A literary estate under siege

I’ve collected the books of Katherine Anne Porter for a few years, and while the collection is not complete, I have some fine first editions from her literary canon. This southern author is known for her small output of flawless short stories and one novel, Ship of Fools, published in 1962. She won the Pulitzer Prize and National Book Award for The Collected Stories of Katherine Anne Porter published in 1965.

The Washington Post recently ran an article about a court battle going on over Porter’s literary estate. On opposing sides are the University of Maryland and Porter’s friends/trustees. The article stated: “At stake are future rights to some of [Porter’s] work, as well as control of the 175 linear feet of letters and literary artifacts she left to the [University of Maryland] in College Park, where she spent her last decade living near campus.”

Porter likely would have relished the drama.  She went for that sort of thing, being one to create colorful exaggerations, denials and lies of love and success about her life. She lied about her age, her husbands, her lovers and her work so easily the author’s note in Conversations with Katherine Anne Porter: Refugee from Indian Creek claimed the content may not be an accurate autobiography: “The lines between the life of the imagination and the life of Katherine Anne Porter blurred and melded.” Author Enrique Hank Lopez may have captured her words on a tape recorder, but he couldn’t be sure what was truth and what was fiction.

One of Porter’s fibs involved a book she edited, the anthology What Price Marriage, which includes 24 pieces by Voltaire, St. Augustine, Mary Wollstonecraft, John Stuart Mill and others. The book’s theme, according to biographer Darlene Harbour Unrue in Katherine Anne Porter: The Life of an Artist, reflects marriage as it was changing to accommodate new attitudes. Porter accepted the editorial assignment because she needed money, and she requested the book be published under the pseudonym Hamblen Sears. She denied any involvement with the anthology.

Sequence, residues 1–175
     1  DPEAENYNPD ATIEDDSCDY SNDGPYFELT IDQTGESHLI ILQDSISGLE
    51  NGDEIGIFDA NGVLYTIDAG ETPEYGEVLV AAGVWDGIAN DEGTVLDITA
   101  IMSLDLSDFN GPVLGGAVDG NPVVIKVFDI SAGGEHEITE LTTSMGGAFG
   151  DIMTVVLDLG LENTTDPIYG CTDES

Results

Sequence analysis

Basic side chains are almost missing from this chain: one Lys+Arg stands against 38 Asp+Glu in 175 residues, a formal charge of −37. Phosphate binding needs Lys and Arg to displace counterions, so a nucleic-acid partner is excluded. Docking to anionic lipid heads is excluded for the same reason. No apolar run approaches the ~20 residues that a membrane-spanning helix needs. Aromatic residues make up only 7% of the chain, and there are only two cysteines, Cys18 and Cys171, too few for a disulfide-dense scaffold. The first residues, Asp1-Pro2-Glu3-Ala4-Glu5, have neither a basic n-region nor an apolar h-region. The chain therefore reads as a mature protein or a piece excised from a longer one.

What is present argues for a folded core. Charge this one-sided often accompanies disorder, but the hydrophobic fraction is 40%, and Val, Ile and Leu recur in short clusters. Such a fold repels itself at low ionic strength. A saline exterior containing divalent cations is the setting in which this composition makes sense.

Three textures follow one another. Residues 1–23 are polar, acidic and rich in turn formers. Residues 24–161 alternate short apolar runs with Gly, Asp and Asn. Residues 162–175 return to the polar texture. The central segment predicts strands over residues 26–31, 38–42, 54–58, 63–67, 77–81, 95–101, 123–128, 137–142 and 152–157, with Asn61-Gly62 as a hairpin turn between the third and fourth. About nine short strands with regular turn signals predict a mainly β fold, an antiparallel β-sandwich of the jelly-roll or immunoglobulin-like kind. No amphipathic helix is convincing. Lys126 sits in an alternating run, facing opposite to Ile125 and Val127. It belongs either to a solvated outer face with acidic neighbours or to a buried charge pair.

A footnote in Katherine Anne Porter: A Sense of the Times by Janis P. Stout says: “[Porter] said later that [the anthology] was a ‘cheap little idea by a cheap publisher’ who had paid her ‘several hundred dollars to assemble a kind of anthology.’ She added, ‘This kind of thing should have no place in the list of my works.’ KPA to Edward Schwartz, Nov. 7, 1951, McKeldin.”

One day a few years ago, a local rare and used books shop owner put a copy of What Price Marriage into my hands for purchase. It’s signed by Porter with the telling comment, “Phooey!” The copy sits on my Ohio bookshelf, far from the legal struggle going on in Maryland. The Washington Post states: “For now, Porter’s legacy is in limbo. The university’s plans to digitize her work are on hold. Who is in charge of granting access to publish her works is uncertain.”